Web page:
Jan. 24 (UPI) -- U.S. Defense Secretary James Mattis is expected to make his first overseas visit to South Korea and Japan in February, a sign that North Korea's provocations are a top priority for the new administration of President Donald Trump, according to Yonhap news agency.
The visit is unusual given that it marks a departure from protocol.
In U.S.-South Korea relations, the first meeting after a new government comes to power in either country has typically involved the top diplomats from the U.S. State Department and Seoul's foreign ministry, followed by a summit between the leaders of the two countries.
Talks between top defense officials then follow the two meetings, as it was the case in 2013, when South Korean President Park Geun-hye was elected to office, according to Yonhap.
But political circumstances in the two countries have prevented a more customary approach to the meetings.
Park is awaiting a final decision on an impeachment from Korea's constitutional court, and a confirmation on the new U.S. secretary of state, Rex Tillerson, had been slightly delayed.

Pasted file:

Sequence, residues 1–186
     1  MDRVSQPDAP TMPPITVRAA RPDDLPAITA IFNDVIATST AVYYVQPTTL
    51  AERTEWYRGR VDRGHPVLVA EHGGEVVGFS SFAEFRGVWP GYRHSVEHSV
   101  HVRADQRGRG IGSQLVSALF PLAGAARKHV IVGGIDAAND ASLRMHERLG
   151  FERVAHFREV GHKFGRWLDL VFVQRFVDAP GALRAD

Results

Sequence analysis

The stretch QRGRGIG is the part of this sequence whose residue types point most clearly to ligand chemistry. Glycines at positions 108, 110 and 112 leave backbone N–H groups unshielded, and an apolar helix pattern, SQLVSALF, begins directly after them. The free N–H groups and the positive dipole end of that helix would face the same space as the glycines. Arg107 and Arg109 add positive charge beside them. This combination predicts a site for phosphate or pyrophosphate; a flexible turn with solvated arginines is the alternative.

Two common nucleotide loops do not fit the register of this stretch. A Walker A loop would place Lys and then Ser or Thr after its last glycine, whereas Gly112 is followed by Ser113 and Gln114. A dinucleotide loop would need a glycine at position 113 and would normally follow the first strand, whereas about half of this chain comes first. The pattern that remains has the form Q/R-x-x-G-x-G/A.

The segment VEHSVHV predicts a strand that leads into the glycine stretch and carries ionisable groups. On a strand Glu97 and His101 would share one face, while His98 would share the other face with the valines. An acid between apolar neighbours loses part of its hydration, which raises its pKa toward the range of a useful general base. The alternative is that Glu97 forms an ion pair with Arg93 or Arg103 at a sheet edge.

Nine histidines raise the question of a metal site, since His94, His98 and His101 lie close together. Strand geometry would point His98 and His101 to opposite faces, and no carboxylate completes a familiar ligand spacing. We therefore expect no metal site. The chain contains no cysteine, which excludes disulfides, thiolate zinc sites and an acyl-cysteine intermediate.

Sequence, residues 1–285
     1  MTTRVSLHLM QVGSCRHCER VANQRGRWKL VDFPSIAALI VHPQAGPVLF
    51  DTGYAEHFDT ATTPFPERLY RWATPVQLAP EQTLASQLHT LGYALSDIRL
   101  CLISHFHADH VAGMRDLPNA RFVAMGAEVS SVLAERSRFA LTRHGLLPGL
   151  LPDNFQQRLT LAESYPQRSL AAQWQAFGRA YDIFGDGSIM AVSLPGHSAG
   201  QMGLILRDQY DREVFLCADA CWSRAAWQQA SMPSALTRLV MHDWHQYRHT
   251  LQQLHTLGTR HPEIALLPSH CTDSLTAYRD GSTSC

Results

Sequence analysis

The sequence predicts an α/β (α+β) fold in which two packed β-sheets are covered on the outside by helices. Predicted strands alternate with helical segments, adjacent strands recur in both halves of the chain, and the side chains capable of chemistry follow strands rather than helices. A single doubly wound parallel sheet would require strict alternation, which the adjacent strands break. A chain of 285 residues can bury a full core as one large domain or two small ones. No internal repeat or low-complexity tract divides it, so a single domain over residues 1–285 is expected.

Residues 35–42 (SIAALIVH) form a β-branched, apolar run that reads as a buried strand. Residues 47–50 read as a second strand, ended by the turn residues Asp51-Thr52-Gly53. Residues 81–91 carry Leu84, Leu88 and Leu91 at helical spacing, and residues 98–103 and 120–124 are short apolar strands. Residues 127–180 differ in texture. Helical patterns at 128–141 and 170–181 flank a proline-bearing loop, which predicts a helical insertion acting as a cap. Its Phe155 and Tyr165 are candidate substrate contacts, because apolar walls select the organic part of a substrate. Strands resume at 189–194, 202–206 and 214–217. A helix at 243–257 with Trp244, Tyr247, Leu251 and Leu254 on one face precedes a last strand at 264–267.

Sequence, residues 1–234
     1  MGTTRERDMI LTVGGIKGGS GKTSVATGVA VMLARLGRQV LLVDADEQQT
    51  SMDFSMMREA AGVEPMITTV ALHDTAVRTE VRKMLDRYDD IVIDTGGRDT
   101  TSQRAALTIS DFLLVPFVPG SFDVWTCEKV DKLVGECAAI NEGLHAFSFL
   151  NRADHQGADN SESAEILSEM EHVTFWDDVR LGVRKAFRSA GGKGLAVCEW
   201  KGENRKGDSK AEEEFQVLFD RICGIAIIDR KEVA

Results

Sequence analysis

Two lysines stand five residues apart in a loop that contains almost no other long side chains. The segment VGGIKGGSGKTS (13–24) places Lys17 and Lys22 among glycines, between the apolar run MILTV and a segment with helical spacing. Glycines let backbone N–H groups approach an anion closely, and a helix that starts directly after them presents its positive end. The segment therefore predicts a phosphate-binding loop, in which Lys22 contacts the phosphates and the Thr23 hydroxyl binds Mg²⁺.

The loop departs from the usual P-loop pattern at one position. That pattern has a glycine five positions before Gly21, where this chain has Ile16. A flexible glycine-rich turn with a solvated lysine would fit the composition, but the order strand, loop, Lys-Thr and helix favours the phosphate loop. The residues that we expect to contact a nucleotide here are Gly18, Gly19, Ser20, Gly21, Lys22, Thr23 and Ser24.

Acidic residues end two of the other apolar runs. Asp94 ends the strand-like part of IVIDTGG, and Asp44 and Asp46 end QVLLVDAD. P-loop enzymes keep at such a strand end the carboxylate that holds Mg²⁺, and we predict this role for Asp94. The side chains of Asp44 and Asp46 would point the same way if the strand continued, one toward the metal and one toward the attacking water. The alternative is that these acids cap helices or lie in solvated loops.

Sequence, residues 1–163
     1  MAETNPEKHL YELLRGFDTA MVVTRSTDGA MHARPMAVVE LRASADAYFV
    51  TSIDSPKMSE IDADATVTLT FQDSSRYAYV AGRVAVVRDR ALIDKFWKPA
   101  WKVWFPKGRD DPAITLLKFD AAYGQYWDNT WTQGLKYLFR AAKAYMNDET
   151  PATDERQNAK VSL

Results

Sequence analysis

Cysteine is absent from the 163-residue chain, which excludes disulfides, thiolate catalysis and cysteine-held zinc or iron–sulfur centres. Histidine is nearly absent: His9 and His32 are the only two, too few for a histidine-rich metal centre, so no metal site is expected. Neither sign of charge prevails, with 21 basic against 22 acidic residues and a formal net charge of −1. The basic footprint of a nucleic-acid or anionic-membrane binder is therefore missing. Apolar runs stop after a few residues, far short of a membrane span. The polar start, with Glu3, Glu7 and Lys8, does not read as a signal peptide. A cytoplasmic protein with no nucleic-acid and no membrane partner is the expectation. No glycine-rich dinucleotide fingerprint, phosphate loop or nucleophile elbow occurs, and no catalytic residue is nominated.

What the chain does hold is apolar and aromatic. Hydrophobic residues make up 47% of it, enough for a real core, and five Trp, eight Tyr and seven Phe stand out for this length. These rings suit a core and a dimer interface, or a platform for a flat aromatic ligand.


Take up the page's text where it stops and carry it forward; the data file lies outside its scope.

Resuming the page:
Hwang had said on Tuesday the security situation facing South Korea is "very severe," in response to Kim Jong Un's pledge to not stop nuclear weapons development.
A South Korean defense official who spoke to Yonhap on the condition of anonymity said Mattis' planned visit is a sign the "Trump administration is taking North Korea's threats seriously."
The deployment of the U.S. missile defense system THAAD is likely to be discussed when Mattis meets with Han.
Seoul has said THAAD would be deployed by mid-2017, but Beijing has been striking back with sanctions against South Korean companies.
It is unclear, however, whether Mattis would be raising the issue of military cost sharing that Trump mentioned in the course of the campaign, although the defense secretary had said he expects U.S. "allies and partners to uphold their obligations."
The new defense secretary has also said international alliances and security partnerships must be embraced during his confirmation hearing.
"History is clear: Nations with strong allies thrive and those without them wither," Mattis had said.